Veteran journalist Charlie Rose broke some news — albeit inadvertently — during a July 28 interview of Vince Gilligan, creator of AMC’s Breaking Bad, at Long Island City, N.Y.’s Museum of the Moving Image.
Moderating the event titled “Making Bad: An Evening With Vince Gilligan,” the glib PBS and CBS host let slip a spoiler: “Who in the world gave you the idea to include me in the next-to-last episode?” (The series’ final eight installments unspool starting Aug. 11.)
Replied Gilligan, “Well, that’s a bit of a spoiler there,” adding, “Now that it’s out there, I have to say, you did a marvelous job.”
Rose’s revelation aside, Gilligan promised the resolution of the tale of Walter White’s fall from grace will wrap up the series “properly,” in a way that should satisfy fans. And don’t expect it to finish in a manner akin to The Sopranos, Gilligan said, as much as he admires the “ballsiness” of the mob drama’s inconclusive ending.
“Breaking Bad was always much more of a finite construct,” he said. “I knew creatively [that] when your self-imposed franchise is to take your protagonist and turn him into your antagonist, that is a continuum you’ve just set out for yourself, and there’s only so bad that bad can be — by its very nature, this is something that has a limited shelf life.”
Gilligan reflected on the series before a sold-out crowd at the museum’s Redstone Auditorium that spilled into a second room watching via closed-circuit. His appearance coincided with the opening of a Breaking Bad-themed exhibit, “From Mr. Chips to Scarface: Walter White’s Transformation in Breaking Bad.”
On display were such artifacts as the pair of briefs White wore when he cooked his first batch of meth; his yellow hazmat suit, apron and boots; and his “Heisenberg” black porkpie hat.
Curator of the museum and exhibitions Barbara Miller and her staff were given run of the warehouse on the Sony lot in Los Angeles where Breaking Bad’s props were stored post-production. Her most telling find? A binder that laid out the color palette for each character on the show.
She noted how, as Walter morphed from the timid chemistry teacher of season one to the drug kingpin also known as Heisenberg, his wardrobe changed from muted tans to darker, bolder colors — even though the type of clothes he wore remained pretty much the same. “It’s him,” she said. “He’s not so different.”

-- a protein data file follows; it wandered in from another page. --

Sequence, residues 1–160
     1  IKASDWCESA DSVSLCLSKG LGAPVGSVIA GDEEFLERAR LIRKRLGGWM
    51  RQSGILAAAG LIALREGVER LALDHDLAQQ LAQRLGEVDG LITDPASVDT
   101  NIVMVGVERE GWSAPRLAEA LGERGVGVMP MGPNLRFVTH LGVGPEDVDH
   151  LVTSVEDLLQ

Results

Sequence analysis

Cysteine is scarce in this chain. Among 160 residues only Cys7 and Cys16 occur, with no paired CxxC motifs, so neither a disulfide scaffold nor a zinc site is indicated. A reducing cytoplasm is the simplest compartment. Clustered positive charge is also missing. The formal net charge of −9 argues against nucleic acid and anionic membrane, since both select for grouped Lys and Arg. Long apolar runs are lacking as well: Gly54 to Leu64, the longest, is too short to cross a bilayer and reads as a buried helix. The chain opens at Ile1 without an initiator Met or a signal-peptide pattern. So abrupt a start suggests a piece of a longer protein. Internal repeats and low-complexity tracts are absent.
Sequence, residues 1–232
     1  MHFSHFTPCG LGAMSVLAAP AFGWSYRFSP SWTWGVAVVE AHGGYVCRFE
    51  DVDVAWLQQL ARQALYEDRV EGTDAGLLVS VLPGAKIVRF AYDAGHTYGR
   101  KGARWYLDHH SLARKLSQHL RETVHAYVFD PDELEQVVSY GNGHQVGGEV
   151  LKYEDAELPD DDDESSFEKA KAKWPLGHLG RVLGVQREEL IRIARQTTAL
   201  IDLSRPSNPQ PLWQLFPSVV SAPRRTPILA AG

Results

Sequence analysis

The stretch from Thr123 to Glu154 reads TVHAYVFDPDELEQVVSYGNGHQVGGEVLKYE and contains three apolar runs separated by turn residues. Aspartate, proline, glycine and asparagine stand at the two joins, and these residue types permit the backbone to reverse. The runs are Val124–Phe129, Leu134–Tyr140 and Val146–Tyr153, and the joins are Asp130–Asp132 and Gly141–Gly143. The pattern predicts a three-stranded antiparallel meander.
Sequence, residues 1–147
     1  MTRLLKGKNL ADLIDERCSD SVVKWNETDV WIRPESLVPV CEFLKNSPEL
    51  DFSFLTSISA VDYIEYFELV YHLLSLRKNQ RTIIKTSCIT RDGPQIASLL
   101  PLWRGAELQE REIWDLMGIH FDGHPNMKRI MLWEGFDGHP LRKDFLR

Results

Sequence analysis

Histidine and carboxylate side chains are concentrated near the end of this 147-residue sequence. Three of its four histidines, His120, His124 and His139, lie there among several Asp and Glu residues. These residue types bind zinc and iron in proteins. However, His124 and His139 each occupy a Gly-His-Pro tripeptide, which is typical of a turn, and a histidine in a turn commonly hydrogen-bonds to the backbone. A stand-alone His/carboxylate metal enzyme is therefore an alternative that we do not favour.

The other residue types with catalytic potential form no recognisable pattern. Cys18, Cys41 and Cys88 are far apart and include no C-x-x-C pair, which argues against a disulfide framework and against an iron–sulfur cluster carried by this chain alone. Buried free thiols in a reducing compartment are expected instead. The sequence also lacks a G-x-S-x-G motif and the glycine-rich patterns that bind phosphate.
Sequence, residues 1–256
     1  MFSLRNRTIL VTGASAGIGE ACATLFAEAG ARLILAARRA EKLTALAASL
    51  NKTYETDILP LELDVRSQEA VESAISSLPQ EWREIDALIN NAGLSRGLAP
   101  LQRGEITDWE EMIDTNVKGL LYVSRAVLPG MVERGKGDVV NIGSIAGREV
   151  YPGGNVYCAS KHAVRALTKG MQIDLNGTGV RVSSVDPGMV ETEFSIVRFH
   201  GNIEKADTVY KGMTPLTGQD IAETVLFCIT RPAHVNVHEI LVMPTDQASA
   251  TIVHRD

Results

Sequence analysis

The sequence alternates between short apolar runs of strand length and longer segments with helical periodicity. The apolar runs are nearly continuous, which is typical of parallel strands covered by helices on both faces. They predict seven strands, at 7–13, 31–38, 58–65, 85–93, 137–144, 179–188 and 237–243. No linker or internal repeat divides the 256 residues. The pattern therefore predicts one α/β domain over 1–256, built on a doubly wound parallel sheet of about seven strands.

Replied Gilligan, “I think that’s well-put.”
“From Mr. Chips to Scarface” runs through Oct. 27.
TCA Sightings: A Piglet, A President and Mike Tyson
Unlike some summers past, there were no angry words between celebrities and TV critics or on-stage phone calls during the cable portion of the Television Critics Association 2013 Summer Press Tour in Beverly Hills, Calif. But there were some notable moments.
Nat Geo Wild trotted out a cute baby piglet as part of its presentation for a new reality series, Jobs That Bite, in which host Jeremy Brandt explores working with animals. But the show’s executive producer, Abby Greensfelder, found herself having to shield the pig from the approach of an augur falcon that swooped in over the critics’ heads and onto Brandt’s gloved hand. Nat Geo Wild president Geoff Daniels joked that the situation “could have been bad” had it not been for Greenfelder’s quick actions, before ushering Brant and the hawk off the stage before the pig. Shortly after the session was over, TV critics could hear the piglet squealing backstage, but Nat Geo officials told The Wire that all was well with the animals.
Rob Lowe, who stars as President Kennedy in National Geographic Channel’s Killing Kennedy, said every president since JFK has been trying to impersonate the “first telegenic president” who understood the power and influence of TV. “Every president today talks like him,” Lowe said. “They are all just … bad actors who found the greatest one who ever was and do their variation of that performance. If we were to meet in the corner, I could imitate every president’s version of imitating President Kennedy because he was the man.”
Breaking Bad producer Vince Gilligan said he believes viewers will be happy with the series finale, but didn’t give up any specific details on the fate of lead character Walter White: “I am very proud of the ending,” Gilligan said. “I can’t wait for everyone to see it. I am very cautious in my estimation of, in general, how people will respond to things. I hope I am not wildly wrong in my estimate that I think most folks are going to dig the ending.”
Filmmaker Spike Lee, who will bring former heavyweight Mike Tyson’s one-man stage show to HBO later this year, joked that Tyson nearly killed him in their first encounter on the streets of Brooklyn in the mid-1980s. Tyson, known for his poor driving skills, was driving his Rolls-Royce when he nearly ran Lee over trying to get his attention. “I didn’t have my license then,” Tyson said to the laughs of the TV critics. “But I had a really nice car.”
TV One personality Roland Martin held court with several TV writers 30 minutes after the network’s TCA presentation touting his new daily morning news show, News One Now. The pre-scheduled meeting with mostly African-American reporters was set up to give Martin an opportunity to continue the discussion of the new show — the first two hours of which will air on Radio One-affiliated stations while the third hour will be simulcast on TV One.
Martin said the show will ultimately be “the center of black thought” on television. He re-emphasized the importance of the show’s social-media push on the NewsOne.com website — as well as the ability of viewers to interact with the show through call-ins and uploads of video and photos — which will differentiate it from other cable news/public affairs programming.
— R. Thomas Umstead